Dwight Howard and Dennis Schroder also make for strong tournament options, but I’m not willing to use them in cash with Atlanta’s recent play resembling that of the Nets. Howard’s rebounding should pad his totals against this undersized Boston frontcourt that’s been victimized on the glass, but his absence of shooting has been a major deterrent. Howard has attempted single-digit field goal attempts in nine of 10 games this month, finishing with 11 or fewer points eight times in that span. He’ll need to knock down 70-plus percent of his shots to be productive even though the rebounding should be elite.
Schroder came off the bench in his return from a one-game suspension, finishing with a respectable 31 fantasy points across 31 minutes of work in a blowout loss to Orlando. He would’ve played more than 31 minutes had Atlanta kept things even remotely close, but the clean up crew came in to mop up during garbage time. Schroder attempted 17 shots and was clearly Mike Budenholzer’s favorite point guard option after Malcolm Delaney squandered opportunities to impress. If he moves back into the starting lineup I’m willing to deploy Schroder in cash, as Isaiah Thomas and the Celtics have struggled mightily to defend point guards with Avery Bradley out. If Schroder continues to come off the bench, however, he should be viewed as a strong tournament option in what should be a close-fought affair.
Andrew Wiggins has been stupendous since Zach LaVine was lost for the season, sporting a 32.5 percent usage rate with a 34 percent field goal attempt share in Minnesota. Over that nine-game span, Wiggins is averaging 30.6 points, 4.1 rebounds, 2.9 assists, 1.9 steals and 44.4 DraftKings Points across 37.4 MPG. He’s a lock to play north of 35 minutes and rarely attempts fewer than 20 shots in a game, so there’s a lot to like here in a plus matchup with Sacramento. The only thing I’m not overly fond of is Wiggins’ price tag, which leaves him with little room for an inefficient performance. Nevertheless, he should have no trouble producing against Sacramento’s D-League roster on a night where the Timberwolves are mere 5-point favorites on the road.
CORE – Paul George; Myles Turner
SECONDARY – Dario Saric; Paul Millsap; Dennis Schroder [If he starts]; Andrew Wiggins
GPP – Draymond Green; Dwight Howard; Jeff Teague; Serge Ibaka
Willie Cauley-Stein will continue to be a main beneficiary from the Cousins trade, as Dave Joerger will look to development him over the remainder of another lost season in Sacramento. He isn’t minimum salary anymore, but Cauley-Stein should earn enough minutes to pay off his low-$5K price point in a very palatable matchup with Minnesota. The T-Wolves are not only allowing the fifth most points to opposing centers this season, but also ceding the second highest FG% in the process.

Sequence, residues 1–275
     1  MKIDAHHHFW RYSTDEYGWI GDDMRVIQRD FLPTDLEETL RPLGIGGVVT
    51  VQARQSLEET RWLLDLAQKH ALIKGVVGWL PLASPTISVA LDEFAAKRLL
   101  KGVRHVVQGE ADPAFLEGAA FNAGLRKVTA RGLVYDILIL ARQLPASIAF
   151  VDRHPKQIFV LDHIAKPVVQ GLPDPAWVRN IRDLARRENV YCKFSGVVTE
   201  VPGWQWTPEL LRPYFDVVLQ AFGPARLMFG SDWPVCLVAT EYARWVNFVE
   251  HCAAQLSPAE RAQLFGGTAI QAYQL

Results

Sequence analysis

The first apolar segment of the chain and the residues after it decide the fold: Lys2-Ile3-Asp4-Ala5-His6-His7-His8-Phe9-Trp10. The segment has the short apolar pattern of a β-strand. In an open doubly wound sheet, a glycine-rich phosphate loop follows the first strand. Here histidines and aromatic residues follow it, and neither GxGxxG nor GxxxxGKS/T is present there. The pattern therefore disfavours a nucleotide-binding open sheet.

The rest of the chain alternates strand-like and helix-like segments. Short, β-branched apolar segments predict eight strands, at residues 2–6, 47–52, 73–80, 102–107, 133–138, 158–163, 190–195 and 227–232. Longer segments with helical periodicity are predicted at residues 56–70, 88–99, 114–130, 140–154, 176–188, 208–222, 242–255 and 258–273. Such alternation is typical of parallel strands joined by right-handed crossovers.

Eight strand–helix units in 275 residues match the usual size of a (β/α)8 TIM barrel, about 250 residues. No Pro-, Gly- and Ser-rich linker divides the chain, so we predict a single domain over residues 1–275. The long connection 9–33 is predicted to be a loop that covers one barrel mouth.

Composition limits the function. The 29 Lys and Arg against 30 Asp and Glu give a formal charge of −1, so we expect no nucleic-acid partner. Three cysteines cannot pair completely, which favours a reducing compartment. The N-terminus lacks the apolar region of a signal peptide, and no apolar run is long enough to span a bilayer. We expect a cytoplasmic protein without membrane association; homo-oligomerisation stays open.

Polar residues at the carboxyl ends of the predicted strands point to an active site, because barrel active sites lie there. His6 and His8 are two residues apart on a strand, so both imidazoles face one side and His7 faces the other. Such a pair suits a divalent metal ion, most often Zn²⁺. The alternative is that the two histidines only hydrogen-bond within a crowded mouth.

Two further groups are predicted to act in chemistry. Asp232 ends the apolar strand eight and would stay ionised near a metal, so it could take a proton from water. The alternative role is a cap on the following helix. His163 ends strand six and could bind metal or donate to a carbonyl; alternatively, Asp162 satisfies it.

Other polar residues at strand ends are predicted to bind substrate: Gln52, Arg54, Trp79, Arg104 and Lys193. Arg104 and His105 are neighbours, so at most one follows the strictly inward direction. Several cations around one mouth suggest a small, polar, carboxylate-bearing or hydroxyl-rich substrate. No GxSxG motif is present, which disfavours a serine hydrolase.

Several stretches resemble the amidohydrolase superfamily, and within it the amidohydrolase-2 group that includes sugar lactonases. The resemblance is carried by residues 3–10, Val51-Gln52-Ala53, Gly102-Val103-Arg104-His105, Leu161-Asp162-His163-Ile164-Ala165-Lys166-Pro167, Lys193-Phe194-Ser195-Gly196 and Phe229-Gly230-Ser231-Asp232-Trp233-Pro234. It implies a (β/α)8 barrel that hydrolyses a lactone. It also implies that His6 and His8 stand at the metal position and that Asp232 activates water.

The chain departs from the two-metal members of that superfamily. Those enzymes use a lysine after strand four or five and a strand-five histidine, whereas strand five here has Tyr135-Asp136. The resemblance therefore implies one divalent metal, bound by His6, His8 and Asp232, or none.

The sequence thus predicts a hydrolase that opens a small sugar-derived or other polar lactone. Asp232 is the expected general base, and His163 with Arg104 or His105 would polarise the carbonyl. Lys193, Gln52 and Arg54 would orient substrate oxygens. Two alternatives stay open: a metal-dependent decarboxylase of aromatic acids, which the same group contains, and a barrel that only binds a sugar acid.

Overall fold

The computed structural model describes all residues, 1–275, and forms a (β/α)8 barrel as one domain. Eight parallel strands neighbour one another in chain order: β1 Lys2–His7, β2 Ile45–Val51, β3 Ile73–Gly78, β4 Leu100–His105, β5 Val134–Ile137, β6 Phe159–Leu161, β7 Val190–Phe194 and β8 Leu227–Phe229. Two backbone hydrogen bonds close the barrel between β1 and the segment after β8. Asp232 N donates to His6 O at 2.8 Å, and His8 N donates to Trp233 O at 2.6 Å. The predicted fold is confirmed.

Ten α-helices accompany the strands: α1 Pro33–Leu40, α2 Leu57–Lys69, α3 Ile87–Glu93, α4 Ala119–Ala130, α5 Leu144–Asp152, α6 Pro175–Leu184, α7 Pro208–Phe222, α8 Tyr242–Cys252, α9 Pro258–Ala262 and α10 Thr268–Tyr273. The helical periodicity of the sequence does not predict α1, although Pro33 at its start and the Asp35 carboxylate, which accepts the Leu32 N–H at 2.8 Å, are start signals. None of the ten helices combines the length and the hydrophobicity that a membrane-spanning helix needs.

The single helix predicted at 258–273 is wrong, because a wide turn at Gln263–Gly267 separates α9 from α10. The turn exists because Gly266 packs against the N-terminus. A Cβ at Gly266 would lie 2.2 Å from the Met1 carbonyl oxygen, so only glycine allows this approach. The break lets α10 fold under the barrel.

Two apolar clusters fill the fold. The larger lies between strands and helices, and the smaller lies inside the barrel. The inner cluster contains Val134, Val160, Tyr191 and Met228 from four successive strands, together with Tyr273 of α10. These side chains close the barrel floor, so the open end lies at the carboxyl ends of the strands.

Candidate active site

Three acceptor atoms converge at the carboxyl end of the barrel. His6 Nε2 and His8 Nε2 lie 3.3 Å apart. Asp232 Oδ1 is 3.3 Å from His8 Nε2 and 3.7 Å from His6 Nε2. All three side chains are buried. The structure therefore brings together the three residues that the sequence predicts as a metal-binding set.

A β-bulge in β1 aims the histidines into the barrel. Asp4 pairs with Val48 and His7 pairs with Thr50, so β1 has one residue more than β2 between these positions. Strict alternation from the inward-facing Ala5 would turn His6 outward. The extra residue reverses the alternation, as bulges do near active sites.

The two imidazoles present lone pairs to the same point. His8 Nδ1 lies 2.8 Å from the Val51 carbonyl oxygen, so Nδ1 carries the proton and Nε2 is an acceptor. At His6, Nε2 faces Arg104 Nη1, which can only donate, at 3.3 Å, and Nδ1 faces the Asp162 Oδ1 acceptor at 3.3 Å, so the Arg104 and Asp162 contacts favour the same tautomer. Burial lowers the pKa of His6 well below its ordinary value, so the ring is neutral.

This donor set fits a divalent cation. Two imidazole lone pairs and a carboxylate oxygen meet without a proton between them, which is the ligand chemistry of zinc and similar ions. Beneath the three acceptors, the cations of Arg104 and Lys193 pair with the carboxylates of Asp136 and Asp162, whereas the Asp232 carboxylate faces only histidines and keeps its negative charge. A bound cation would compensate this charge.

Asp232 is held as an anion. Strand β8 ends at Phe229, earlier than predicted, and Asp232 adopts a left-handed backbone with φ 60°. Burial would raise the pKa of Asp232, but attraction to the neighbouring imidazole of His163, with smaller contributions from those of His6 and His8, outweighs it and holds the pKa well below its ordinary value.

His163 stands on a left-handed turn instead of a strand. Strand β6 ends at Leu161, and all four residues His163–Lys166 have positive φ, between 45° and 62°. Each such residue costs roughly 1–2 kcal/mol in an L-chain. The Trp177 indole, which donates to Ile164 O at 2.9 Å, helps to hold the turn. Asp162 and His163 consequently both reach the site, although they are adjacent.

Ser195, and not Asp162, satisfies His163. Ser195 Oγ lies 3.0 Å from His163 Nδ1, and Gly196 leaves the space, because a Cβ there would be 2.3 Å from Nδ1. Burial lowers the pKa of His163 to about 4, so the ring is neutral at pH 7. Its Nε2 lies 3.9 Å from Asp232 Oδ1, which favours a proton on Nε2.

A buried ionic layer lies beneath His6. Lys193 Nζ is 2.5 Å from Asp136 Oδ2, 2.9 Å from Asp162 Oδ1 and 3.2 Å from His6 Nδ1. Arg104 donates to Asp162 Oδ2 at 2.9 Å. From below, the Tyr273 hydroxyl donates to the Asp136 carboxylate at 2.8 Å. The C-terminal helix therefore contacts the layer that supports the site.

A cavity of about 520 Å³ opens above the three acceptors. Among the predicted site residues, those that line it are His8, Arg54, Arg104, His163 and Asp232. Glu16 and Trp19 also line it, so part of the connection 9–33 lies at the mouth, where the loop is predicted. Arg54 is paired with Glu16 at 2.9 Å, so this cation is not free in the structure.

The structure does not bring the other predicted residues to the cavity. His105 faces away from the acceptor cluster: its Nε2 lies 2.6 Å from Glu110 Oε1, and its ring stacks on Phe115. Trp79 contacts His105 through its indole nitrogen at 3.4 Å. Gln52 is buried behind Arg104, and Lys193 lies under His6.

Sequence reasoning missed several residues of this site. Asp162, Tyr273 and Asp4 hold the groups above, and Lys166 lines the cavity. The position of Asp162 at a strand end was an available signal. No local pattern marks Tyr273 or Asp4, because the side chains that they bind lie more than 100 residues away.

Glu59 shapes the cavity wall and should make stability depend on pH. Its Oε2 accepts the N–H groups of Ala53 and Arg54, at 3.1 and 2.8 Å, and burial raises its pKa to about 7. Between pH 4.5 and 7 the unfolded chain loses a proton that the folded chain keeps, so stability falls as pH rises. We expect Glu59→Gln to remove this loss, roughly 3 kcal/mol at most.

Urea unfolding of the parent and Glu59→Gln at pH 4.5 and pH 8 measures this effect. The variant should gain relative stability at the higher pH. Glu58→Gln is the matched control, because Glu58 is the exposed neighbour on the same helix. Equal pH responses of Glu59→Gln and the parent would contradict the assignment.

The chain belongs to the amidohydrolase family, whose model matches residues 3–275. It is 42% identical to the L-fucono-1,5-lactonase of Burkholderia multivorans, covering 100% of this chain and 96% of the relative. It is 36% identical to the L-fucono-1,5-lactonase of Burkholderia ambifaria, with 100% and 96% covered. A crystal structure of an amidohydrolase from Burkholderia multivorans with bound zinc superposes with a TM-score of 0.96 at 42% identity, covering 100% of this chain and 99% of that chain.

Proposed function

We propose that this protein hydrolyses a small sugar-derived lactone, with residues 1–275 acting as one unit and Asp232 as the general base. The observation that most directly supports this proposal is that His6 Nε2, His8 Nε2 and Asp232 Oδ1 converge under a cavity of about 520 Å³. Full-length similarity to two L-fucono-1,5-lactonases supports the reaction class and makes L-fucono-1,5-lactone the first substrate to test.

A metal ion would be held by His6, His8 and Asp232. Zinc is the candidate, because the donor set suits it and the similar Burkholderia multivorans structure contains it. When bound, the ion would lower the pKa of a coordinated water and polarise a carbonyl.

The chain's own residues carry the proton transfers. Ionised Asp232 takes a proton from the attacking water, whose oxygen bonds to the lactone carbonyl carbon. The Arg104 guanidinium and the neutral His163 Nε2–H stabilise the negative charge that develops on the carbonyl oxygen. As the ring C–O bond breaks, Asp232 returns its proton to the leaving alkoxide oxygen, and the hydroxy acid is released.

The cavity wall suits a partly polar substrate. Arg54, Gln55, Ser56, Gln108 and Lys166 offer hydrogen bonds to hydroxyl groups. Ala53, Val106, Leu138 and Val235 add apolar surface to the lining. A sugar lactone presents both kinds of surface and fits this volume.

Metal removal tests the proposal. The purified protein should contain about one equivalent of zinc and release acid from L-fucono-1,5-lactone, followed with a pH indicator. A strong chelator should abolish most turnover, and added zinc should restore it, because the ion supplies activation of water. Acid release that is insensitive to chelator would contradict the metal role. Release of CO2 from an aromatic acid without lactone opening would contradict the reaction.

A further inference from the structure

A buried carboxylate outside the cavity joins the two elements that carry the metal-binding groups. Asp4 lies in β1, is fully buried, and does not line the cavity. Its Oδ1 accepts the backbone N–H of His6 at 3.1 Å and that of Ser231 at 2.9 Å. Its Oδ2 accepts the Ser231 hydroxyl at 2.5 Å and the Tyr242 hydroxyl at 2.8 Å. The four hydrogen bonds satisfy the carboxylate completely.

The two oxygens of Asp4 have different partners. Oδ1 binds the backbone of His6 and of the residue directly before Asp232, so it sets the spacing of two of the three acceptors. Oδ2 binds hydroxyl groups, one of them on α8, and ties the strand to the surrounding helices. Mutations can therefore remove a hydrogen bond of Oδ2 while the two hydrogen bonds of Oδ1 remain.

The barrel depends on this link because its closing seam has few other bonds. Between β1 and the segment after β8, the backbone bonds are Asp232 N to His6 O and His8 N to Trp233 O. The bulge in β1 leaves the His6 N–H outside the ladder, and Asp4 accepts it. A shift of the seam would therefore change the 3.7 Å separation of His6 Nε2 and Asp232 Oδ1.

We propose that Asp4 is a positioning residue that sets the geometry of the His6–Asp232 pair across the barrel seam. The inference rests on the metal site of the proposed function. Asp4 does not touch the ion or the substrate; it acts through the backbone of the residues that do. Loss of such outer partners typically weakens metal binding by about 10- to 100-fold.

I’m not sure if Joerger will start Cauley-Stein alongside Koufos against Minnesota’s jumbo frontcourt, but either way he’s poised to play north of 30 minutes in a competitive affair. Cauley-Stein has added value on FanDuel where he’s power forward eligible, but he should be on the radar across the board with value being scarce on this seven-game slate.
Nerlens Noel should see 30 or more minutes per game now that he’s with the Mavericks, which already makes him more appealing than he was with the Sixers. Sure, Dallas plays at a lethargic pace, but their lack of frontcourt depth is going to keep Noel on the floor for enough time to pay off a $5,300 price point on DraftKings. He’ll also see solid run at the five when Nowitzki is off the court, and Carlisle is going to need his defensive strengths to combat Hassan Whiteside. For what it’s worth, Noel trashed the Heat just a couple weeks back, and he should be able to use his athleticism/active hands to rack up enough peripherals to pay off a depressed salary on Monday.
Monta Ellis is far from an exciting fantasy option, but he should be considered in tournaments on a night where an elevated pace of play should bolster his ability to produce. Ellis is capable of playing in transition against a Houston team that loves to run, and if Indiana plans on keeping things competitive, they’ll need to fight fire with fire. If Nate McMillan continues to run him for 28-31 MPG off the bench, Ellis shouldn’t have much trouble paying off a depressed price point in what’s virtually guaranteed to be the highest scoring game on Monday night. Rodney Stuckey is also worth a look in GPPs, as he’ll see extended run in the event that his shot is falling early.
Lance Thomas is not a good basketball player, and he’s quite possibly an even worse fantasy player, but with 35-plus MPG I’d be remiss to not even mention him at minimum salary. Joakim Noah is expected to miss the remainder of the season and Kristaps Porzingis is doubtful to play on Monday, meaning Thomas will likely start and log another huge workload at the power forward position. 20-22 fantasy points is enough to pay off a dead minimum price point across the industry, even if the Raptors don’t make for the friendliest matchup.
Michael Beasley is poised to see another hefty workload with Khris Middleton getting the night off. Jason Kidd has become fond of the veteran journeyman, and we’ll need to consider him a strong value option for as long as this remains the case. Cleveland is already missing Kevin Love and could definitely be without LeBron James on Monday night, which would leave them with the likes of Richard Jefferson, Channing Frye and maybe even Kyle Korver to defend Beasley. I need not say much more in order to make a case for Beasley, who’s averaging exactly one fantasy point per minute this season.
CORE – Willie Cauley-Stein [FanDuel]; Nerlens Noel [DraftKings]
SECONDARY – Willie Cauley-Stein [DraftKings]; Nerlens Noel [FanDuel]; Michael Beasley; Dirk Nowitzki; Gorgui Dieng
GPP – Monta Ellis [DraftKings]; T.J. McConnell; Rodney Stuckey; Tyreke Evans; Lance Thomas